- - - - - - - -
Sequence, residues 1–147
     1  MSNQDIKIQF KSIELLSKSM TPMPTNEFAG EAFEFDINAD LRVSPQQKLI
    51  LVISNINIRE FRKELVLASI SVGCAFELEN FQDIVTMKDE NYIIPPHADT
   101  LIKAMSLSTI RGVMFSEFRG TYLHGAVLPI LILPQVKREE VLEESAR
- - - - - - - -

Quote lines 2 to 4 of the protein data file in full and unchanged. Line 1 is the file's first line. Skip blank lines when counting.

     1  MSNQDIKIQF KSIELLSKSM TPMPTNEFAG EAFEFDINAD LRVSPQQKLI
    51  LVISNINIRE FRKELVLASI SVGCAFELEN FQDIVTMKDE NYIIPPHADT
   101  LIKAMSLSTI RGVMFSEFRG TYLHGAVLPI LILPQVKREE VLEESAR